Microsoft to mobile developers: Your app is worth more than 99¢

The business model of 99 cent applications is not good for application developers. There are many other issues with the iPhone development. It is refreshing to see another vendor take it on. Competition is good. Check the above link from TechFlash.

With all the furor of the Google Voice iPhone app situation going on. I have had a few conversations about people wanting to port iPhone apps to other platforms mainly, Android and Windows Mobile. Going cross-carrier and platform seems to be the goal. Easier said than done especially depending on the app.

Check this case study: Ready to Port your iPhone App to Windows Mobile?

Most mobile applications are content based. Personally, I would like to see less content specific applications and more applications that solve existing problems (i.e. cross-platform, carrier) with mobile devices. Having researched the space, I understand why most developers choose to go with a content based application. Application development is not easy to begin with and the phone technology will change. Now it appears that a king of content, Amazon (Disclosure: The wife is an employee) is blocking mobile applications from using their content, or rather more actively enforcing its own existing rules. Amazon is defending its turf. Expect no less from any content provider.

Expect to see more of this strategy from large content owners. Seriously think about any type of content dependencies before you build that next, great mobile application. Check TechCrunch: Amazon Killing Mobile Apps That Use Its Data for more details.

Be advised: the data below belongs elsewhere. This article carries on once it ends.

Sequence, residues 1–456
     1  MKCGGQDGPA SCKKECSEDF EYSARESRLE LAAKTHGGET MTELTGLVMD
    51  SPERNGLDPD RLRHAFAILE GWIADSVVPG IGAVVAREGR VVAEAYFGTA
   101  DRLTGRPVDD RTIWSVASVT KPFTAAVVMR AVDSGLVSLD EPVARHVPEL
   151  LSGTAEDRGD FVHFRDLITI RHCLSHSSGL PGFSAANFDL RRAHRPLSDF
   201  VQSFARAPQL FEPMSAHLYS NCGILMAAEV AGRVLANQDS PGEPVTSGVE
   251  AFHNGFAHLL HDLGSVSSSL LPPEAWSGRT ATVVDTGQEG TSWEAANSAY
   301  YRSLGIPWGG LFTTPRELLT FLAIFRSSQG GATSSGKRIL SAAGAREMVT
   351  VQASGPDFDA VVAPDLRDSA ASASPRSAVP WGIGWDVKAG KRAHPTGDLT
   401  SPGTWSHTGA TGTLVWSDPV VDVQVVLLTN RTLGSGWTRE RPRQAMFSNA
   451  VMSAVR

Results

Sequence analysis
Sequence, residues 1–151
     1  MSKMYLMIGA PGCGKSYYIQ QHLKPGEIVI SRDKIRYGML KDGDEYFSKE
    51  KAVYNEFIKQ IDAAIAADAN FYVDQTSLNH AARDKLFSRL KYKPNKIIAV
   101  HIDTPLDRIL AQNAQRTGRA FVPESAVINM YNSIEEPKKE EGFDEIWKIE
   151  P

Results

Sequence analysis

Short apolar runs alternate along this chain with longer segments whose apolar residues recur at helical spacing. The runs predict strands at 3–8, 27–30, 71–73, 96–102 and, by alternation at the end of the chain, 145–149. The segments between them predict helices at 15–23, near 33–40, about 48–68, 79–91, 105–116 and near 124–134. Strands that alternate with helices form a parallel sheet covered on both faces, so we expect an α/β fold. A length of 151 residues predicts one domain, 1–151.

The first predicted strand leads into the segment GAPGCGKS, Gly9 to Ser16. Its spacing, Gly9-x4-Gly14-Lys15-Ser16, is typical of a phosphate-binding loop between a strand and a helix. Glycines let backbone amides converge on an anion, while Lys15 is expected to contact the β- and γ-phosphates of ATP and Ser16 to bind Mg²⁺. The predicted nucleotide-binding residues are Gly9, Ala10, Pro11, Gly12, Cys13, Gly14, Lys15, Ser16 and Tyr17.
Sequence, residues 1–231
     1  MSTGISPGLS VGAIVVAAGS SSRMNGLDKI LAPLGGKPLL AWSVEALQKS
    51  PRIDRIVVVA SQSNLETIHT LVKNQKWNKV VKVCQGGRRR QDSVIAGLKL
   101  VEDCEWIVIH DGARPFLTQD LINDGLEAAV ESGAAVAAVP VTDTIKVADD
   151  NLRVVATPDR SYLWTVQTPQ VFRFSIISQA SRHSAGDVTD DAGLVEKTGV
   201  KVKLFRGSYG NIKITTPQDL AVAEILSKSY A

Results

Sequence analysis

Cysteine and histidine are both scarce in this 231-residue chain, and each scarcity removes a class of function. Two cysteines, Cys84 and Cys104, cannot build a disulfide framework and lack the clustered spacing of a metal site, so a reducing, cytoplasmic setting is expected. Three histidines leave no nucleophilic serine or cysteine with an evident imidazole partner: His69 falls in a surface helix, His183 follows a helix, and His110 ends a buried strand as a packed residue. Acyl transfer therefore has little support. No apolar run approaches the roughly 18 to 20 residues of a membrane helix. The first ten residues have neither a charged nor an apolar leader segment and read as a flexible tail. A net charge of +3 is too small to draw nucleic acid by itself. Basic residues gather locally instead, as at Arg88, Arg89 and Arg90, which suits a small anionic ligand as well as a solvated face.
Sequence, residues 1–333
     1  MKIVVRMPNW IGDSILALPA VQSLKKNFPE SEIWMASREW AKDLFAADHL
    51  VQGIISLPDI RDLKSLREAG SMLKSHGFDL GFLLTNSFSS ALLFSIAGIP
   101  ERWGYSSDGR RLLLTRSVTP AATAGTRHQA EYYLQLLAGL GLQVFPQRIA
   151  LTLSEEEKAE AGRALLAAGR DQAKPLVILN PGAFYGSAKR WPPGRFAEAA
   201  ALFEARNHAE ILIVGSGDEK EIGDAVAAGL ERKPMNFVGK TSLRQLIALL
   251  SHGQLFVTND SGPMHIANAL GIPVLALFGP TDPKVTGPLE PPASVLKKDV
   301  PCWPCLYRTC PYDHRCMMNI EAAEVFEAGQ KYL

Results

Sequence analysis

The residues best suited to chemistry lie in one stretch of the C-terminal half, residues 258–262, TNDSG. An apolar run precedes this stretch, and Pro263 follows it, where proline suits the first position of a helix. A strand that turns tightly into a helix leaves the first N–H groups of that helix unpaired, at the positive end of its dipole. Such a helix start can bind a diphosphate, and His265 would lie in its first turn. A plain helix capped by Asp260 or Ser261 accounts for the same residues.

Happy Tuesday.

Solid read at the New York Times: Apps Are Booming as Companies Seek a Place on Your Phone. No surprise that apps are booming. This trend has been happening since the iPhone App Store was announced. A closed platform on one network with limited hardware versions gives the developer a tremendous advantage. Developing cross-platform and cross-carrier is extremely difficult if only because of the myriad of certifications required on each carrier network. After certifications the complexity can actually grow depending on the application. The App Store has caused carriers (including ATT Wireless) and handset makers to scramble and re-brand their existing “app stores”. ATT Media Net? Nokia’s Ovi? Just to name 2. Every major carrier and handset maker has announced their own “app store” initiative. None are likely to capture the development community’s attention they way the iPhone App Store has.

Jenna Wortham’s article features local Seattle iPhone App Store success story UrbanSpoon. I certainly congratulate UrbanSpoon on their success. First they created one of the killer apps for iPhone and then sold their bootstrapped startup to IAC. They have an enviable position. Personally, I would like to see less content specific applications and more applications that solve existing problems (i.e. cross-platform, carrier) with mobile devices. Try sharing a vCard from a non-iPhone to an iPhone. This type of problem is only going to grow as mobile devices become more complex.

Interesting read over at Ars Technica: Canonical developers aim to make Android apps run on Ubuntu.

As computers get smaller and phones become more functional, it seems to be a natural step to run the same applications on multiple devices. Interesting that this would start in the Linux domain given Microsoft’s huge head start and Apple’s closed environment advantage. This trend would be great for developers as the article points out.